Bob's Reviews > A Sherlock Holmes Handbook

A Sherlock Holmes Handbook by Christopher Redmond
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May 17, 2012

it was amazing

“A must for any Sherlockian library” and similar phrases seem to appear a bit too often. The Canon can be enjoyed without 100 accompanying books next to it on your shelf. However, there are a few books that stand head and shoulders above the rest and really should be read to greatly increase your Holmes experience.

Christopher Redmond has written one of them. The Canadian, who maintains the internet’s leading Sherlock Holmes website, Sherlockian.net, is a well-known Sherlockian and Baker Street Irregular. A Sherlock Holmes Handbook is thoroughly researched, covers a broad array of topics and, most importantly, is easy and enjoyable to read.

The first chapter is an overview of the Canon, mentioning when each tale was first published (individually or as a collection) and touching on a highlight or two per story. It is assumed that anyone who buys this book is already familiar with the Holmes adventures, so it is in chapter two that the real fun begins.

'Characters and Adventures' kicks off with a discussion of Holmes and his characteristics (“Holmes is moody, alternating periods of energy, enthusiasm and prodigious work with periods of languor, inactivity and apparent depression”). Of course, Watson is next, then the supporting characters, including Professor Moriarty, (“in short….the modern day Jonathan Wild”), Irene Adler, Mycroft Holmes and a few others. There is mention of the unpublished cases, 221B Baker Street, the great detective’s methods and overtones in the stories (from the hero archetype to sexual motifs). I was a fan of this book by the end of chapter two.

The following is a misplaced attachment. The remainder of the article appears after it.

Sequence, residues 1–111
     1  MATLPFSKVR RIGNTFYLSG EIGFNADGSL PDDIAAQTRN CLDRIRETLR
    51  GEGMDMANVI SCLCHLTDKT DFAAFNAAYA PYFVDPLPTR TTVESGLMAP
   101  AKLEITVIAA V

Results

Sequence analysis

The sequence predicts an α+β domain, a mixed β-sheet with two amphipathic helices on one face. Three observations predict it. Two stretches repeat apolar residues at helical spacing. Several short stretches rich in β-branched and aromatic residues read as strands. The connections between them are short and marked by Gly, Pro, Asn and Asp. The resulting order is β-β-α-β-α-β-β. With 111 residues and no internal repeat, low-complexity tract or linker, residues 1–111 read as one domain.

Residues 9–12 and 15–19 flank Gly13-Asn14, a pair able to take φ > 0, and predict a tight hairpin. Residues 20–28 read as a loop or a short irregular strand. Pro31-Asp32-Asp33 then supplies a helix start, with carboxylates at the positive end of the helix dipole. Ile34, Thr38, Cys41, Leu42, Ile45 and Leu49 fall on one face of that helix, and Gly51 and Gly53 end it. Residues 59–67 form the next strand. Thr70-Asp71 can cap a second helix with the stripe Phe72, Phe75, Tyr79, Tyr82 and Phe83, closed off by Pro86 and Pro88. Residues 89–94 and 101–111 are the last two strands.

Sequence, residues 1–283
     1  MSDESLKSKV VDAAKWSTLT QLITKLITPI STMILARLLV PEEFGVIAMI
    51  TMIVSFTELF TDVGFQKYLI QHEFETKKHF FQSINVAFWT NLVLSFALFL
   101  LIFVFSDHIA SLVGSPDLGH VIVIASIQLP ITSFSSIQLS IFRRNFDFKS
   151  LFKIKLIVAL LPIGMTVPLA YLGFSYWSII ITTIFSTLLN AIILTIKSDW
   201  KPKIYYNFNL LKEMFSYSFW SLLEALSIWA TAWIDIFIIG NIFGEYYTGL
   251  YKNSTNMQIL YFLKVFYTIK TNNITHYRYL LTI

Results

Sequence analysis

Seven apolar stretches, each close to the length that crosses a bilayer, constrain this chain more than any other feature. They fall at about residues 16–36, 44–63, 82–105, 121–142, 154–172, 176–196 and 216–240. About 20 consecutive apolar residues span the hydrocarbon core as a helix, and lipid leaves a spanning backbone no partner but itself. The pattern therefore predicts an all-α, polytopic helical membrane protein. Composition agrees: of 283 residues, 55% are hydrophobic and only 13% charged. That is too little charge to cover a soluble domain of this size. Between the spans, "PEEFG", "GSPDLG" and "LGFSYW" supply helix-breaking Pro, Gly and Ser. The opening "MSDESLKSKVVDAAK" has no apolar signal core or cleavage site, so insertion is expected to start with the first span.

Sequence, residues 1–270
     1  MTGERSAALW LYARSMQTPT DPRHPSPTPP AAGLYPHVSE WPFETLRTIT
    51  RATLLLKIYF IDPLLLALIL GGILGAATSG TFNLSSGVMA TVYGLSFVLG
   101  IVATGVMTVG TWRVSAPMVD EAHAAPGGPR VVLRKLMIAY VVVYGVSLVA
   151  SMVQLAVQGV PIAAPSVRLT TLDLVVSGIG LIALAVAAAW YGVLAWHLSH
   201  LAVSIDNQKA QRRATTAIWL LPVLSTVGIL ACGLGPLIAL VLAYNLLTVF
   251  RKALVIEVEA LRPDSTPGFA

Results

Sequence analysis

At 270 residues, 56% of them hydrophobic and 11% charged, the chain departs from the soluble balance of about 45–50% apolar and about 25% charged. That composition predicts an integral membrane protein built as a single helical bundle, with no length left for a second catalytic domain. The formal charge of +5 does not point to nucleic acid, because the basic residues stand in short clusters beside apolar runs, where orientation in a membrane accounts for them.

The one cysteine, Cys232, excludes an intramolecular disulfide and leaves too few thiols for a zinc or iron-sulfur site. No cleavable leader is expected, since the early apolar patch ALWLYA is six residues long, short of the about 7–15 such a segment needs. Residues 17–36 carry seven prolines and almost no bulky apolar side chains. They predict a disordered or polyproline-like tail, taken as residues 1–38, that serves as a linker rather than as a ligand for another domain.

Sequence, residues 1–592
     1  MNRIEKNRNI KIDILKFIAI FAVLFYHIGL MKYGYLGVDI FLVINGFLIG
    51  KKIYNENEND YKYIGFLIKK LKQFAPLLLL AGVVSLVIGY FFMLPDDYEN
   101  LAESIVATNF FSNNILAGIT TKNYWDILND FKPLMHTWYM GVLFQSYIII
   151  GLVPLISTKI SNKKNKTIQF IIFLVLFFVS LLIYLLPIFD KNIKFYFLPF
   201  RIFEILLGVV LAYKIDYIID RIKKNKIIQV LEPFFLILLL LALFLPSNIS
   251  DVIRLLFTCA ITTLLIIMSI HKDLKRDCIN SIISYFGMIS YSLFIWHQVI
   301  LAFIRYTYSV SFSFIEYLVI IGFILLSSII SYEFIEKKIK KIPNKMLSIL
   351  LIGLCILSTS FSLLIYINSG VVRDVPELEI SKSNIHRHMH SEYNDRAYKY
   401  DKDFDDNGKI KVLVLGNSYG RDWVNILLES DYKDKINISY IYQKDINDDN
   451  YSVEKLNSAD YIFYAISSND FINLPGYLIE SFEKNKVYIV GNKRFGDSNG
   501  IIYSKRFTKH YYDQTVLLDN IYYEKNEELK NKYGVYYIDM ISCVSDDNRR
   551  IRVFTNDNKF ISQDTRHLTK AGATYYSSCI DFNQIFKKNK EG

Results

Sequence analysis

Chapter three focuses on Sherlock Holmes in print and touches on sources for the tales and characters, original publication of the stories, copyrights and illustrations. This is a pretty interesting chapter for the layman in these areas.

If you haven’t read an in-depth biography of Sir Arthur Conan Doyle (several are reviewed in this site’s Reference Works section), you can’t go wrong with chapter four, which is about Doyle and includes a nice discourse on his military and spiritualist interests.

I am not an expert on Victorian England. I learned a great deal from chapter five, titled 'The Victorian Background'. Redmond talks about the rail system, London itself, public affairs, social classes, newspapers, telegraphs, European affairs and more. You really get a sense of how the times played a part in the Holmes tales. He finishes with a nice ‘Who’s Who’ of the era. My understanding of the backgrounds throughout the Holmes adventures was enhanced by what I learned here.

The next chapter discusses crime and punishment in Victorian England, along with a brief overview of detective fiction.

Chapter seven is a nice potpourri called 'Holmes in Modern Media.' Pastiches, parodies, films, television, theater, radio and other forums are covered. Of course, this is by no means a complete listing of these areas, but it is a wide ranging look that includes specifics such as a listing of the Rathbone films, a mention of the Solar Pons books and the musical, Baker Street. You’ll find something of interest in this chapter.

'Fans and Followers' discusses Sherlockiana and the birth of Societies. Even the most knowledgeable Sherlockian and Holmesian will likely find some nugget of information here.

The final chapter touches on such topics as Holmes museums, memorials, statues, restaurants and the like. Redmond mentions Holmes in advertising and references from other literature. He finishes with a talk about the appeal of Sherlock Holmes. Isaac Asimov says “How wonderful to have intelligence made so plain and so straightforward that any reader can feel that he might be that intelligent, too, with a bit of luck.” Well put!

There is an appendix with all of the tales from the Canon listed with their Christ abbreviations, and a thorough index.

If I could only pick one tome from my reasonably-sized Holmes library to accompany the Canon, it would be Christopher Redmond’s A Sherlock Holmes Handbook. No other one volume adds so much to my enjoyment and experience of Doyle’s sixty tales. I can think of no higher recommendation.

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